Don’t Fall for These Social Security Myths

Don’t Fall for These Social Security Myths

They're enjoying the free time retirement bringsWhen it’s time to apply for your Social Security benefits, the process can be a bit confusing. It doesn’t help that there are quite a few untrue myths floating around out there, making soon-to-be retirees worried or uncomfortable about how the system actually works. Don’t fall for the following five myths about Social Security.

Myth 1: Your payroll taxes are set aside in an account under your name. You get that money back, plus interest, when you retire.
The truth: Taxes that are collected today cover benefits paid out today. Current workers are supporting current retirees. So no, there is no individual account set aside for you.

Myth 2: If you become disabled, it may take years to receive Social Security disability benefits.
The truth: A program called Compassionate Allowances was established to speed up the disability claims process. If you have one of the 200 medical conditions specified by the program, your claim will be “fast tracked” so that you begin receiving benefits quickly (usually within a couple of months). If you’ve heard about disability claims taking years to process, those are usually due to disabilities which fall outside of the Compassionate Allowances program. Those cases must be assessed on an individual basis.

Myth 3: You aren’t eligible for Social Security benefits if you’ve never held a job.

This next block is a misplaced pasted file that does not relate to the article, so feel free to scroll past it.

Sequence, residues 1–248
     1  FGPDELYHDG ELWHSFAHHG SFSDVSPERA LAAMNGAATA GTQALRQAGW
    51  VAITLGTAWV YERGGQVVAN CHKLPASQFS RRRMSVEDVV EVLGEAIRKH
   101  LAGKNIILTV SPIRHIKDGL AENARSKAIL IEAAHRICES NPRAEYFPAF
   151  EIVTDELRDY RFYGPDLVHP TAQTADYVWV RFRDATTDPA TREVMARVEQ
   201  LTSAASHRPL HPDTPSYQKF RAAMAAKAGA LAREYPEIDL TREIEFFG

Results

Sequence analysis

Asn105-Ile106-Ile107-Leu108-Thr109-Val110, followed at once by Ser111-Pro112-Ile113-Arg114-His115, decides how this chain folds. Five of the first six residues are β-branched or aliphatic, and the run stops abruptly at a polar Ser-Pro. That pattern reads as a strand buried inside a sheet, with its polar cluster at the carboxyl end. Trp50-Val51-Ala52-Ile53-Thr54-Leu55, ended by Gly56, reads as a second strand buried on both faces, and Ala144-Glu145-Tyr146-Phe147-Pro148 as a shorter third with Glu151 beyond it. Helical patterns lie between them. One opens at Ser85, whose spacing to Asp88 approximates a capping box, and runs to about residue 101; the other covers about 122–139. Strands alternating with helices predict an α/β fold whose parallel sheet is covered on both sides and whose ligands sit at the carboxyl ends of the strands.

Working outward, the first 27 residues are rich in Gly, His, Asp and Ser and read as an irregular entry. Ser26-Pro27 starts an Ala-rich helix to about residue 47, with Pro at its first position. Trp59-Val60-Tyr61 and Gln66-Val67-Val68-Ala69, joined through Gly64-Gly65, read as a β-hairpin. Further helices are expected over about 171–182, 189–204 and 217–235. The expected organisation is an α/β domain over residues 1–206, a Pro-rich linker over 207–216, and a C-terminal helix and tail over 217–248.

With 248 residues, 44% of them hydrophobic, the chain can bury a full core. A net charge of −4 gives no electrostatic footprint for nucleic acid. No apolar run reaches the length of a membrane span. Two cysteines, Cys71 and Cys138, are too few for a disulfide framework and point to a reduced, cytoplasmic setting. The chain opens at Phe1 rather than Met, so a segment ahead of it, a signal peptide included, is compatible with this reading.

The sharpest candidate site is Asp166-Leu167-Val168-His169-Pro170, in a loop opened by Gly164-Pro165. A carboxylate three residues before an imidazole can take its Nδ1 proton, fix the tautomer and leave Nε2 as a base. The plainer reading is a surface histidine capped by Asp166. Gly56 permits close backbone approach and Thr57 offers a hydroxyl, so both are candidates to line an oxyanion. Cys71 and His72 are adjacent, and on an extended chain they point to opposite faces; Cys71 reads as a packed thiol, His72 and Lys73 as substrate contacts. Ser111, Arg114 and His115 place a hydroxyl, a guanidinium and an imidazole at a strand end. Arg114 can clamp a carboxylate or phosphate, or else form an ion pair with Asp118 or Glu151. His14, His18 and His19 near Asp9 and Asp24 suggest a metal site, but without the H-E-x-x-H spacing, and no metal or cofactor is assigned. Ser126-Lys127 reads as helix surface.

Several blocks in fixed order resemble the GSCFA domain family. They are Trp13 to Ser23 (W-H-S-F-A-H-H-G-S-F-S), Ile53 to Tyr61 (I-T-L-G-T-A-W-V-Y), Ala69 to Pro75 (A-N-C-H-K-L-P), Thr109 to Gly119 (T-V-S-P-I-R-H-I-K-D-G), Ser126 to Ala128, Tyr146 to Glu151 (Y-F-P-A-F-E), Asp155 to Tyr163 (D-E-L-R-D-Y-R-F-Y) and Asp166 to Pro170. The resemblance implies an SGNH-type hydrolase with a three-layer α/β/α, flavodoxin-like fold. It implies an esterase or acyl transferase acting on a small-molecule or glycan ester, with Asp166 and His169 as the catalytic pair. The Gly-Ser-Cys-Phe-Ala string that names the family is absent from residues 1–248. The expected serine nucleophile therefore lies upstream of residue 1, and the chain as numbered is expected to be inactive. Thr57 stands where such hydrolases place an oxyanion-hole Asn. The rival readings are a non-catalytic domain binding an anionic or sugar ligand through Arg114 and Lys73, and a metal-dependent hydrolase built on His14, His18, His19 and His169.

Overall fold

The truth: It is true that you must earn 40 work credits before you qualify for retirement benefits. However, you can qualify for Social Security benefits based upon your spouse’s work record. This rule was created to make sure non-working spouses (often women who raised children and supported their husbands’ careers) would receive support in retirement.

Myth 4: You should take your retirement benefits immediately when you turn 62. If you pass away before you reach full retirement age, you could lose thousands of dollars.
The truth: The average life expectancy for men is 84, and for women it is even higher at 86. You’re unlikely to die before you receive your benefits, unless you’re already in very poor health at retirement. Every situation is different, so this is an issue to discuss with your financial advisor.

Myth 5: If you choose to work after you claim your benefits, Social Security withholds some of the money each month and you lose it forever.
The truth: The earnings limit only applies to those who take their benefits before full retirement age (65 to 67, depending upon year of birth). Once you’ve reached full retirement age, Social Security won’t withhold any of your benefits no matter how much money you earn. If you are subject to the earnings limit withholding, Social Security recalculates your benefits after you reach full retirement age. In many cases retirees in this position receive credit for the amounts initially withheld.

Make sure to talk to your financial advisor about Social Security. There is a lot of misinformation out there, and you don’t want to make retirement decisions based off of fear or myths!

This information has been provided by a Licensed Insurance Professional and is not sponsored or endorsed by the Social Security Administration or any government agency.